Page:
Deuce Vaughn — a short, talented running back from Rock Round, Texas — got the opportunity to compete in a Power-5 conference when Kansas State took a chance on him.
Head coach Chris Klieman was thrilled with his freshman running back when he first arrived at K-State for fall camp.
“Mentally, he was so sharp during our early time with him in terms of learning the playbook and spending the extra time,” Klieman said. “That part of it I was excited about because the game was going to slow down for him from a mental standpoint because he just gets the game, and he studies the game.”
Vaughn showed off his talent during the camp. It got the coaches excited about taking the chance on him.
“From a physical standpoint, we saw him on film like in high school and said that this type of player can be a difference maker for us,” Klieman said. “As you went through the first few weeks of fall camp, you saw him making really good players on defense that are making plays for us right now miss in the open field or not be able to cover him or just get outrun or juked. We were like great, combine his physical skills with his mental makeup as well as the kid has an unbelievable heart.”
Klieman saw it first, but Vaughn was exposed to the college football world on Nov. 12, in the Wildcats’ season opener. He had 12 carries for 47 yards and one touchdown.
In the next two games, Vaughn’s rushing and receiving yards combined for 200 yards. He was making highlight reels, and he earned himself All-Conference honors.
Defenses are now aware of Vaughn, and because of that, an extra effort is communicated to shut him down.
“There will be some dudes following me across the formation if I’m in a motion or things like that,” Vaughn said. “You get your name called out some plays whenever you may line up out wide, or you’re in the backfield you may get pointed at, you’ll get, ‘22, 22!’”
Vaughn is a team player. K-State took a chance on him, and he produced. Even with All-American attention, he is not telling the coaches to give him more touches. He has all his trust in the coaches.
“I’m never going to be a ‘I need my touches’ guy, or be somebody that’s going to be, ‘I want the ball here, I want the ball there.’ I’m just going to be somebody that’s going to do anything possible to help the team win, and if that’s being a decoy and running jet sweeps and having Will (Howard) run for 70-yard runs up the middle, I’m going to do that every single play,” Vaughn said. “That’s never going to be me. That never has been me, and it never will be.”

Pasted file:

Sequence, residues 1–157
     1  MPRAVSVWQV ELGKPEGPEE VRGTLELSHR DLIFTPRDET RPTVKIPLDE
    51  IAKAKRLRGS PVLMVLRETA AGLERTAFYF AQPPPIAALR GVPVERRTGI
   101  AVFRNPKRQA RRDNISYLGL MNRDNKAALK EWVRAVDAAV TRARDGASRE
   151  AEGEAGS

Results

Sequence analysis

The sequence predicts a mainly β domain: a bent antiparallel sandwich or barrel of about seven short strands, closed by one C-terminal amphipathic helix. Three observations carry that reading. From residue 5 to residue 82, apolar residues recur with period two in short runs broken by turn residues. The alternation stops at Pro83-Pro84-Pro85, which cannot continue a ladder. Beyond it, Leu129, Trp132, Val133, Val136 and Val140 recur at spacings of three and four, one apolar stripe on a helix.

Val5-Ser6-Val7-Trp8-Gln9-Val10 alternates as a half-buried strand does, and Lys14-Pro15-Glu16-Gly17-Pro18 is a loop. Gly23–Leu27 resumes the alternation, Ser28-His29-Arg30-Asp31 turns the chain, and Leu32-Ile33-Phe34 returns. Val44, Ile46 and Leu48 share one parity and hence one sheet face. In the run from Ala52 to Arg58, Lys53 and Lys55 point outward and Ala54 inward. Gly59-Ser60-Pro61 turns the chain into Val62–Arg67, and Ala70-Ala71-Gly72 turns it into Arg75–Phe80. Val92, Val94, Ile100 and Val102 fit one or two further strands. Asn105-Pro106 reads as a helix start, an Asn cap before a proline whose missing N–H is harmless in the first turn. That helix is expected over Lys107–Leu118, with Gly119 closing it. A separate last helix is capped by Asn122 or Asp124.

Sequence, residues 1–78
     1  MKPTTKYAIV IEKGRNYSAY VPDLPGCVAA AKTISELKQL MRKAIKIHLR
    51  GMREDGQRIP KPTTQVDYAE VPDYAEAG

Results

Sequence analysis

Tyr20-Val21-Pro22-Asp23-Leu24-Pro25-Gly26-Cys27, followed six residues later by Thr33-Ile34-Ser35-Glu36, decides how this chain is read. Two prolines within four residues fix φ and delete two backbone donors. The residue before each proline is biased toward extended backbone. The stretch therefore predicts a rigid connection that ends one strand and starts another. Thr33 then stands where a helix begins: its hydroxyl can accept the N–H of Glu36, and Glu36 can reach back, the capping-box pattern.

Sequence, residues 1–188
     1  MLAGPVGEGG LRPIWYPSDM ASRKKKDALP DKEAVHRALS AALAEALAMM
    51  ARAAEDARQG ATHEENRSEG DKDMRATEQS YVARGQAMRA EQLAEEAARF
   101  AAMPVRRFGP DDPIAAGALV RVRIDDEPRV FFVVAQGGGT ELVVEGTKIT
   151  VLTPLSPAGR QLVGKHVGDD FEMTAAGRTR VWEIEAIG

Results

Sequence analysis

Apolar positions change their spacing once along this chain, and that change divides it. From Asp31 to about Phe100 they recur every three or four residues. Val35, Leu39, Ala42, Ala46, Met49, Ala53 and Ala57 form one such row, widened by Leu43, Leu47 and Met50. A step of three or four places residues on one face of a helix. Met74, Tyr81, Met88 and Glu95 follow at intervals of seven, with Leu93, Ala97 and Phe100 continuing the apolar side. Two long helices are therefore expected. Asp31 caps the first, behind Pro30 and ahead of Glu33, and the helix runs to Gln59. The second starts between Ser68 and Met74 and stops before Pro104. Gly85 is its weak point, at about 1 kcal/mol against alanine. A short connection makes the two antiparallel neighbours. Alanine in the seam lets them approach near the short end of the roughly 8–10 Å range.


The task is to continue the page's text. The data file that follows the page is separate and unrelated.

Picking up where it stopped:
With the attention defenses are now giving the 5-foot-5 running back, he hasn’t produced 200 yards each game, but his presence is still an impact.
“There’s not as much space to do the things that you want to do, but whenever you get out there and they start keying you, it opens things for the other people in your offense,” Vaughn said. “So, if I run the jet sweep and four guys follow and Will (Howard) has the 70-yard run, four guys came out there and he came up the middle and he’s out for 70. I’ll do that all day if we’re popping big gains and other dudes are getting big gains as well. So, I’ll do that all the time. I’ll be a decoy or do whatever I’ve got to do to get them out of there.”
Klieman and offensive coordinator Courtney Messingham are now forced to get creative with the playbook and make new things for Vaughn to keep defense guessing and get him 200 yards each game.
“We probably have to do a better job of finding more creative ways to get him the football. We had some things designed for him, and I thought Oklahoma State did a really good job of taking those things away,” Klieman said. “When that happens, we have to create some things on the run to say, ‘Hey, this is how they’re playing, so we have to move him to this spot.’ He’s capable, mentally, to do all of that stuff. We talked about it as a staff on Sunday. He had a number of carries, but we need to get him the ball in space a little bit more. It’s going to be a conscious effort for us to try to find different ways to get it to him in space and get him a mismatch.”
Vaughn is a special player. He has the potential to be a star for K-State. Klieman could not be more pleased with him, and is happy that its his squad Vaughn is displaying his speed for.
“He gets the game,” Klieman said. “He studies the game. He’s a tough, tough runner. He loves the game, and sometimes we underestimate somebody who just flat loves the game, and this kid really does.”